Britain was meant to leave the EU last Friday. But the House of Commons rejected the Withdrawal Agreement for a third time.
I deeply regret this as I continue to believe that we should honour the referendum result by leaving the EU with a deal.
Some people feel that we should just leave without a deal. While I understand the sentiment, we must consider the implications. It would risk disruption and damage to our economy which could be serious. In any case, MPs have rejected ‘no-deal’ by a very large majority.
On Monday the Commons once again considered potential alternatives to the deal, none of which achieved a majority. I voted against a second referendum and revoking Brexit because I believe both would be wrong in principle.
However, I supported two options, a Customs Union and Common Market 2.0, because I believe it is necessary to compromise if Brexit is to be delivered.
Being in the Customs Union would restrict our ability to promote an independent trade policy for goods, although not services. But we must weigh against this the benefit that it would also eliminate tariffs on goods for half our trade, which would be good for business and jobs.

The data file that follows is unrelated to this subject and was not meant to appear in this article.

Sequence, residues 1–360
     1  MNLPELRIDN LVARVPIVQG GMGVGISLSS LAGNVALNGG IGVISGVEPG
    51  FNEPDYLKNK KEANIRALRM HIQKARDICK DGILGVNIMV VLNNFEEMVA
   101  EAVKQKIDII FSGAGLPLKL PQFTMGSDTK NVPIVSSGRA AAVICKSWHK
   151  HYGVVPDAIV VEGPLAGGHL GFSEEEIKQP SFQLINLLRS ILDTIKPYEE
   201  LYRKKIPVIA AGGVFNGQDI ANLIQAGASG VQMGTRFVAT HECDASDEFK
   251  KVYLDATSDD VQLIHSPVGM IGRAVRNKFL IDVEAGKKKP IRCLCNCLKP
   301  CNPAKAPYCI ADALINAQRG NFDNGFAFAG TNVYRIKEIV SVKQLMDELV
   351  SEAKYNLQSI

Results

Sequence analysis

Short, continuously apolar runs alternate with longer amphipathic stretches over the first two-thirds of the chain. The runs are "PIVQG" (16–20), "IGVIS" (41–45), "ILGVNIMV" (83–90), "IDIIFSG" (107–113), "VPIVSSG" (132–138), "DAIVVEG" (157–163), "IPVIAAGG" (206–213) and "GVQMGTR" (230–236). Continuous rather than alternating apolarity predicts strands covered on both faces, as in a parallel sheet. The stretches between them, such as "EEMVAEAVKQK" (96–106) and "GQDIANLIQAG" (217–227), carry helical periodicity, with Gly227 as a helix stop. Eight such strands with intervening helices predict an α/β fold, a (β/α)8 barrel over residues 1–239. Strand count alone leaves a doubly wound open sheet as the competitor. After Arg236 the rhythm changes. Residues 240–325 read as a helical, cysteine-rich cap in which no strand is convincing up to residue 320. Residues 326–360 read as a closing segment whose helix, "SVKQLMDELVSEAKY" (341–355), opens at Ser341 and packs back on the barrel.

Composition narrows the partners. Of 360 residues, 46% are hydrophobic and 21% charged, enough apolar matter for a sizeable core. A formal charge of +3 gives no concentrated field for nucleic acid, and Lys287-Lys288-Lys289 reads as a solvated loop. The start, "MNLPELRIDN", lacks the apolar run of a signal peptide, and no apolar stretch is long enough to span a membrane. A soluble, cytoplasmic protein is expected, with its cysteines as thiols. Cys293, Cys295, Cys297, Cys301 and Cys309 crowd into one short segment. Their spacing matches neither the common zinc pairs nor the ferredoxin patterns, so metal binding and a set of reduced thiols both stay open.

Britain would still be leaving the EU and outside its political institutions. And, unlike the Common Market 2.0 idea, the Customs Union would allow us to control immigration, we would not be paying large sums into the EU budget, and we would not be under EU laws except in relation to the customs policy.
The Prime Minister’s deal in fact includes ‘a free trade area, combining deep regulatory and customs co-operation’, which is what the Conservative Manifesto also promised. So agreeing a Customs Union would actually be a less dramatic change than some are suggesting.
I would have preferred the deal, and if it had gone through last year we would already have left the EU. It is ironic, and frankly extremely disappointing, that the most ardent supporters of Brexit have repeatedly prevented it from happening, voting against the deal alongside MPs who clearly wish to frustrate Brexit.
When the country is divided, MPs cannot agree, and the economy is being affected by the uncertainty, we need to find a sensible way through. We must deliver on the democratic decision of the British people to leave the EU, and that means being willing to compromise.
You can find further information, including the highlights of my diary each week, on my website: www.nickherbert.com.
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